Army’s Rx for PTSD? More Trauma!

I suppose I should not be surprised. But I am.

It seems the U.S. Military has dreamed up a new strategy to treat soldiers for PTSD. Keep them in in the combat zone. Hey, nothing like a win-win, right?

And the Army even has a poster boy for their new cause, albeit a reluctant one.

His name is Sgt. Thomas Riordan, of Colorado, and his story was not so uncommon before the military’s quest to stay on the cutting edge of psychological treatment for soldiers with shattered minds.

Riordan was recently home on leave from Afghanistan, fresh from a battle in which eight of his fellow soldiers were killed. When he got there, his wife, who apparently is to “in sickness and in health,” what the Army is to “Be all you can be,” announced she was leaving him. Riordan was so distraught at the news, and possibly the timing, that he contemplated killing himself that night.

He went to see an Army psychiatrist who asked him what he wanted to do. He wanted to stay Colorado for some reason, but apparently the question was rhetorical. The Army shipped him back to his base in the Afghan mountains -a place where mortar explosions and sniper fire are a regular occurrence- for treatment.

That’s right, get back up on that horse and ride, son. You’ll thank us later.

 

Apparently, the Army’s reasoning, if I can use those two words together, is that Riordan and soldiers like him will be better off surrounded by people they know rather than being dropped off at some stateside treatment program with no familiar faces.

And, uh, no screams of dying men, trails of carnage or friends bleeding to death as they look at you desperately for help. You know, all the modern therapeutic modalities.

It seems to be a pretty good solution for the Army. Riordan will be right there in the base camp on stand-by, ready to pick up his M-16 and go as soon as the doc scribbles his say so. That is, if a sniper doesn’t take him out while he is in therapy.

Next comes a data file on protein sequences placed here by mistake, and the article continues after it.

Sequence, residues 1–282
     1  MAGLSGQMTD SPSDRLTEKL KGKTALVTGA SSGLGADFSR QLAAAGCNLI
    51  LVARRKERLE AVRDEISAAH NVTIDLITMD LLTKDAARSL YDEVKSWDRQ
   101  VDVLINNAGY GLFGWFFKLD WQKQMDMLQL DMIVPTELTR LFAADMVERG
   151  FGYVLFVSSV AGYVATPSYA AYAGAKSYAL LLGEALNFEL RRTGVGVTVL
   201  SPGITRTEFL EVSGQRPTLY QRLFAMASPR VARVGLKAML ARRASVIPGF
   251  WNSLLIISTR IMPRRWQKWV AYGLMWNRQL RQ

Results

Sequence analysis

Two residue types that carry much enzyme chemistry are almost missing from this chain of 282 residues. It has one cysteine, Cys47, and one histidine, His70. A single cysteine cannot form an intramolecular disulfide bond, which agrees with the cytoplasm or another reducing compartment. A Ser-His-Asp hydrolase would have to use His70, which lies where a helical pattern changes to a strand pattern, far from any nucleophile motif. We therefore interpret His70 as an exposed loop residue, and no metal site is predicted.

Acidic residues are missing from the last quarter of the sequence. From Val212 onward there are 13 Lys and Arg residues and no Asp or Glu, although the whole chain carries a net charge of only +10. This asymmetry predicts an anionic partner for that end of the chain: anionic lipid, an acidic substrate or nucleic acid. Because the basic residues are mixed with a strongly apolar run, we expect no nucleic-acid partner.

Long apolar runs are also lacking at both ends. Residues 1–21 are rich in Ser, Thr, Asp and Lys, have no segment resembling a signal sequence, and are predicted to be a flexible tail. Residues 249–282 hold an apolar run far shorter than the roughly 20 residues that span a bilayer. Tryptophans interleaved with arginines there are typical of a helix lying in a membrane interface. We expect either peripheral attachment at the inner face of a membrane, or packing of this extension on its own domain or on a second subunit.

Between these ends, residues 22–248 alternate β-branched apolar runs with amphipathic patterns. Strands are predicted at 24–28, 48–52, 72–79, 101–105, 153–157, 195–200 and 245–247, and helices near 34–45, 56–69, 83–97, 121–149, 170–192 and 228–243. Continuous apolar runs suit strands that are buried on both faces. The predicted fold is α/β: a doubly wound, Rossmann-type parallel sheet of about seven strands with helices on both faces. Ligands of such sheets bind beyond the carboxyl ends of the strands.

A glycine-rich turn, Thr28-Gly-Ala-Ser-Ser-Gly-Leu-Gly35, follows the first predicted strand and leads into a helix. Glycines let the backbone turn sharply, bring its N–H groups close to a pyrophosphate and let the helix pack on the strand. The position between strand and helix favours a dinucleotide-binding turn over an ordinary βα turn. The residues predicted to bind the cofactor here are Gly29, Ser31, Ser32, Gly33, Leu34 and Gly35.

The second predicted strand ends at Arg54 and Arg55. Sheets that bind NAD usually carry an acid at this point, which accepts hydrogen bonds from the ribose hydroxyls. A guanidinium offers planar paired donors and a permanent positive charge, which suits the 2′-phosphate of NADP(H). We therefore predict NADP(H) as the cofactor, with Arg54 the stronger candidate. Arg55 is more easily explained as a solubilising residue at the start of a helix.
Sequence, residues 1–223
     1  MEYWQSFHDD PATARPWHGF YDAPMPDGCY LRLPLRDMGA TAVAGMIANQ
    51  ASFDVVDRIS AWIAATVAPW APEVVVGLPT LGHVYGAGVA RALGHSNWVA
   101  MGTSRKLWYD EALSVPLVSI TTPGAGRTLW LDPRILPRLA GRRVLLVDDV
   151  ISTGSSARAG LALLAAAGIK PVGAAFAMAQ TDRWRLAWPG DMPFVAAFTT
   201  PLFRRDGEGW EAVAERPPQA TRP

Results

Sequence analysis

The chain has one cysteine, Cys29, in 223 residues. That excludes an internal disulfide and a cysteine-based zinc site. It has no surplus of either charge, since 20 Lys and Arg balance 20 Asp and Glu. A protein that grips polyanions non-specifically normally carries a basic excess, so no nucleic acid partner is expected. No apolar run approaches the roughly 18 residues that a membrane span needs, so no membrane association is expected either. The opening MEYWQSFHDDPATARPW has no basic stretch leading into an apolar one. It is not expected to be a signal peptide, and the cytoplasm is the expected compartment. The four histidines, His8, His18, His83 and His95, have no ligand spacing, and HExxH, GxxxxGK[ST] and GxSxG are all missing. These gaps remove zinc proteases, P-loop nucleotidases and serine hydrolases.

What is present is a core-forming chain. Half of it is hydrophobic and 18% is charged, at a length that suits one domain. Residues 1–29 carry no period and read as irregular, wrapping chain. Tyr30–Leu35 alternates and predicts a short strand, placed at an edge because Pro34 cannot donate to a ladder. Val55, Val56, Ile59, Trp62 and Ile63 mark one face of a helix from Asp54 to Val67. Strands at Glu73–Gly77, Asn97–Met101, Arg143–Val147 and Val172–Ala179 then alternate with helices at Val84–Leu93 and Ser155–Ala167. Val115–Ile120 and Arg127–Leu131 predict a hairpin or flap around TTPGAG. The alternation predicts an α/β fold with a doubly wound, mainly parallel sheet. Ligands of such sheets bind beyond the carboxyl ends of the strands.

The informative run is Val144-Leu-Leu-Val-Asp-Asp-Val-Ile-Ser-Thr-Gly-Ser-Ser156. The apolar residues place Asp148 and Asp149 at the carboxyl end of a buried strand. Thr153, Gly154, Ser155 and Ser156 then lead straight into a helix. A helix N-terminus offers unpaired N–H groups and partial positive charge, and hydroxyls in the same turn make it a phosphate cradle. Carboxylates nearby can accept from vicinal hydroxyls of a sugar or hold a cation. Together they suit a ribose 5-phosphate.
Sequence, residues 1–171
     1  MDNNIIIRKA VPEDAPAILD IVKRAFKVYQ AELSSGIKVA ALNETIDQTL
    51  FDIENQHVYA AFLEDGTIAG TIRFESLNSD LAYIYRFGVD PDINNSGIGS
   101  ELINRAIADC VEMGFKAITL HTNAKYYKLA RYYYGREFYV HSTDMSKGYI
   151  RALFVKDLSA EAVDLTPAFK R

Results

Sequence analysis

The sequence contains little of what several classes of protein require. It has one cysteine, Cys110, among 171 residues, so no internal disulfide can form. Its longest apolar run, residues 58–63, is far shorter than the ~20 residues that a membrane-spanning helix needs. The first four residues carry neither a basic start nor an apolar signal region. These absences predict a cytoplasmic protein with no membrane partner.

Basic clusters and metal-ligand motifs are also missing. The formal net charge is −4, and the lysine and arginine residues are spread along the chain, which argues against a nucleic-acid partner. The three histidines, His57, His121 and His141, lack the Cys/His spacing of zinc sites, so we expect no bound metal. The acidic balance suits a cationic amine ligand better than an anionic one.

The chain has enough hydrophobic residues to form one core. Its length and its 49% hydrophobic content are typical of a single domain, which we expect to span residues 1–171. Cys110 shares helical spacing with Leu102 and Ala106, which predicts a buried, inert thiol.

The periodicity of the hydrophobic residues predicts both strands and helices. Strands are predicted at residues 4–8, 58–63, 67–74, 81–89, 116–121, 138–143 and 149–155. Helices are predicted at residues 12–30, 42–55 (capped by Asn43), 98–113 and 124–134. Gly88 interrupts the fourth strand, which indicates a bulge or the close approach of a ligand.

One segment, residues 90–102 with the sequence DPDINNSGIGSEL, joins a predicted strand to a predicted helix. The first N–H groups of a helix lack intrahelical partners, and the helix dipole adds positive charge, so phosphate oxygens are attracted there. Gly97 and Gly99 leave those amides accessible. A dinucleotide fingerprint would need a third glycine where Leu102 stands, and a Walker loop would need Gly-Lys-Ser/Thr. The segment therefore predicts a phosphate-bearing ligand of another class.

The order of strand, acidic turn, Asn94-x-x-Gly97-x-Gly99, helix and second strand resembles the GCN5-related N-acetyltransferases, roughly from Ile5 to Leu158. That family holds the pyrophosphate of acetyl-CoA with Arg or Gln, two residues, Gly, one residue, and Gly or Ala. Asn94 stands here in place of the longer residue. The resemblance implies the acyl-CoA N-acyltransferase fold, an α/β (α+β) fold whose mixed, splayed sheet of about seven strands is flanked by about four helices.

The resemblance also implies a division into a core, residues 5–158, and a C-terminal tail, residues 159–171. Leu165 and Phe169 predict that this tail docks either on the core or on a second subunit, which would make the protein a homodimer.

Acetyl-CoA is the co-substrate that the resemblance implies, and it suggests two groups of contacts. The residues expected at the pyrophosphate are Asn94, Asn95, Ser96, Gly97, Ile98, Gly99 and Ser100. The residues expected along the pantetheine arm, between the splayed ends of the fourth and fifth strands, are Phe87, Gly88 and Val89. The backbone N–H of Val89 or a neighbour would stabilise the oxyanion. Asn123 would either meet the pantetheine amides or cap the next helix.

Oh, but one little bit that the Army left out of the Riordan story. He has no friends where they have him. So now he is surrounded by strangers and gunfire.

Like everything else the military is doing these days, it is rooted in the thoughtful consideration of experts.

Says Terri Tanielian, a military health policy researcher with the RAND Corp., “There’s not been a lot of studies on those types of interventions.”

You don‘t say? Does that mean there have been some studies on having traumatic stress units in combat zones? The article on this didn’t point to any, but hey, this is the Army we are talking about. Anything is possible.

Perhaps this will lead to setting up chemical dependency programs in crack houses.

Tanielian should be sent to the front line for a couple of months for even calling this an intervention. But as egregious as that is, it is nothing compared to Riordan’s commanders, who say they are doing their best for him by keeping him in Afghanistan.

I am sure Sgt. Riordan’s best is all they have in mind. That and the fact that their all volunteer outfit is stretched a bit thin these days.

Here’s a pic, by the way, of Sgt. Riordan taken in May.

Looks O.K. to me. Maybe he’s faking and the wife is in on it.

Perhaps the Army should commission someone to do treatment Patton style. He simply slapped soldiers and threatened to kill them if they, for whatever reason, didn’t find the bloodbaths agreeable.

There is no great closing to be had for this one. I can’t think of any clever way to sum up this kind of disgrace; no words of wisdom; no tacit connection to some feminist evil.

But one thing is patently clear. None of this is about helping Sgt. Riordan or any other soldier. It’s about keeping fresh meat on the front line. We are at the point that we are killing and destroying men faster than we can get them to enlist. And stop-loss measures, which is where the military extends your agreed term of service without permission, aren’t quite getting it done either. It’s what you do with your “all volunteer” Army when you don’t have a draft.

What’s next from the administration of our “anti-war” president? Prosthetics with bayonet attachments?

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